Ancient Manna on Modern Menus
By DAVID ARNOLD
AFTER several weeks of wandering the desert after their escape from Egypt, the Israelites were hungry, the Bible says, and started grumbling.
So God conjured up two things for them to eat. In the evening, there were quails.
“In the morning,” the Book of Exodus says, “there was a layer of dew around the camp. When the layer of dew evaporated, behold, on the surface of the wilderness there was a fine flake-like thing, fine as frost on the ground. When the sons of Israel saw it, they said to one another, ‘What is it?’ ”
In ancient Hebrew, “what is it” can be rendered man-hu, a likely derivation of what this food has come to be called, manna.
The Bible describes it as being “like coriander seed,” and “white, and its taste was like wafers with honey.”
But as miraculous as its biblical apparition may seem, manna is real and some chefs have been cooking with it.
The dozens of varieties of what are called mannas have two things in common. They are sweet and, as in the Bible, they appear as if delivered by providence, without cultivation.
Most of this manna is either dried plant sap extruded from tiny holes chewed out by almost invisible bugs, or a honeydew excreted by bugs that eat the sap.
Rarer are the mannas not from sap, including Trehala manna, the sweet-tasting cocoon of the Larinus maculates beetle from Turkey; and manna-lichen (Lecanora esculenta), which occasionally dries up and blows around to form semisweet clouds out of which manna settles into drifts from western Greece to the central Asian steppe.
Mannas form best in extremely dry climates — like the Middle East’s — where sap oozes at night and dries up in the morning. The favored theory on what the Israelites called manna is the sap of a tamarisk tree.
In Calabria and Sicily, Italian farmers cut the bark of the flowering ash (Fraxinus ornus) to get the dried sap, the only domesticated form of manna. Italian apothecaries used it for centuries as a laxative, and other mannas have been used for medicinal purposes.
Behroush Sharifi, a New York dealer in rare spices and dried foods from the ancient Silk Road who’s known as the Saffron King, imports two venerable forms of manna from Iran: Hedysarum manna and Shir-Khesht manna.
Both of them look like what they are: stuff knocked off bushes by the desert gatherers who harvest it. They contain bits of twigs and leaves and who knows what else. The Hedysarum is $22 an ounce, and the Shir-Khesht is $28. (Information is available by writing email@example.com; Mr. Sharifi plans to open an online store this summer.)
His roots in the world of manna go back 10 years. Mr. Sharifi, who left Iran as a child, returned for the first time in 2000 when President Clinton lifted the embargo on importing some Iranian food products, which had been in place since the 1979 Islamic revolution. His initial focus was saffron. He then took on other rare Persian products unknown to American cooks.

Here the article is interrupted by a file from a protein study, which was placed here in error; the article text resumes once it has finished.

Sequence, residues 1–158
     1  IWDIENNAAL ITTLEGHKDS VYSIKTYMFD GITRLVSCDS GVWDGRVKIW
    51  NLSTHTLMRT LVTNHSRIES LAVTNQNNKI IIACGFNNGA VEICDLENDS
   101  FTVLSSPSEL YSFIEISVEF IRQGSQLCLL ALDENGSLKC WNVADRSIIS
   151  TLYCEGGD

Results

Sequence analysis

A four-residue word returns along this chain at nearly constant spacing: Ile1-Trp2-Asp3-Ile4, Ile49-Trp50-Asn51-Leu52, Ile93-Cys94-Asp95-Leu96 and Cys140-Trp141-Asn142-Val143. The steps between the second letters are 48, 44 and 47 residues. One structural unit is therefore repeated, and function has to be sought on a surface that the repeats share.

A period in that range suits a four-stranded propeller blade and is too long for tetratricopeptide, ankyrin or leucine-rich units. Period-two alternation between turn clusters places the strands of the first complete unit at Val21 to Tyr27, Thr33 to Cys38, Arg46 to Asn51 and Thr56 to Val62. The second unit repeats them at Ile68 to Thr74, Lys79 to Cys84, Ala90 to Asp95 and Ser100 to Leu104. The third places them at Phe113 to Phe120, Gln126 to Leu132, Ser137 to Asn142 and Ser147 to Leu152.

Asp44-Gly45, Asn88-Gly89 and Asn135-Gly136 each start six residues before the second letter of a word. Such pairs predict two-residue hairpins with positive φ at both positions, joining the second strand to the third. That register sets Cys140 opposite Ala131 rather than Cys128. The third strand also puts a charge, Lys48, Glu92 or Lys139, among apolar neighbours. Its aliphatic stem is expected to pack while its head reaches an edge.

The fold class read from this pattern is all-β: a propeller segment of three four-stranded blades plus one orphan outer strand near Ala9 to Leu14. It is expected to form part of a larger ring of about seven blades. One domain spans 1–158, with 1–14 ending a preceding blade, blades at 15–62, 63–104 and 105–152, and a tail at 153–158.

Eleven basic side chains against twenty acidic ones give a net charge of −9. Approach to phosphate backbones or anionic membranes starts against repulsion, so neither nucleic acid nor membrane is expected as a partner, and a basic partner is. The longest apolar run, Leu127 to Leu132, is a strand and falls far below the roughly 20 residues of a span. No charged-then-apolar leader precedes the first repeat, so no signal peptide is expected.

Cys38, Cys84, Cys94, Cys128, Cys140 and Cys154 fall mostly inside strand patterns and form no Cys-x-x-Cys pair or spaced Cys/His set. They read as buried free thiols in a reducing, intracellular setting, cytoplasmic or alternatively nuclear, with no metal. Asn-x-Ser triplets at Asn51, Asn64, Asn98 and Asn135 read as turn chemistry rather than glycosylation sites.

While visiting the bazaar in the city of Yazd, Mr. Sharifi came across a seller of manna, a product he had remembered hearing about as a child but hadn’t seen. He began importing it in 2008 and has built a following for it among his chef clients.
Garrett McMahon, a sous-chef at Perilla in Manhattan, uses Hedysarum manna with sea salt to finish off a foie gras terrine with Marcona almonds, candied kumquats and toasted brioche. “The manna allows us to achieve a sweet, salty balance while maintaining a great crunchy texture,” Mr. McMahon said.
Paul Liebrandt of Corton in Manhattan used Shir-Khesht manna in a dish of charred Frog Hollow Farm apricots, fresh wasabi and Kindai kampachi. “The texture is unlike any other I’ve experienced — chewy and crunchy at the same time,” Mr. Liebrandt said. “It also makes the food intensely personal, because no two people taste manna the same way. I might taste a haunting minty-ness, while you might detect a whiff of lemon. No other ingredient is like that.”
Hedysarum manna comes from Hedysarum alhagi, the camel thorn bush. It resembles Grape-Nuts mixed with aquarium sand, and tastes like a combination of maple syrup, brown sugar, blackstrap molasses, honey and nuts.
Even more complex and subtle is the Shir-Khesht manna from the cotoneaster nummilaria shrub. Shir-khesht looks like broken-up bits of concrete or coral and is whiter than hedysarum manna. It is sweet, with some gumminess that eventually dissolves in the mouth. Shir-khesht’s tongue-cooling effect comes from mannitol, a sugar alcohol in this and many other mannas; the sensation is similar to menthol, without the menthol taste. It has notes of honey and herb, and a faint bit of citrus peel.
I’ve made a cocktail with it, heating two parts water to one part Shir-Khesht manna, straining it, and adding the syrup to bourbon. As with the raw manna, the drink changes as you sip it. It is sweet, but not overly so. It is cooling, complex and satisfying.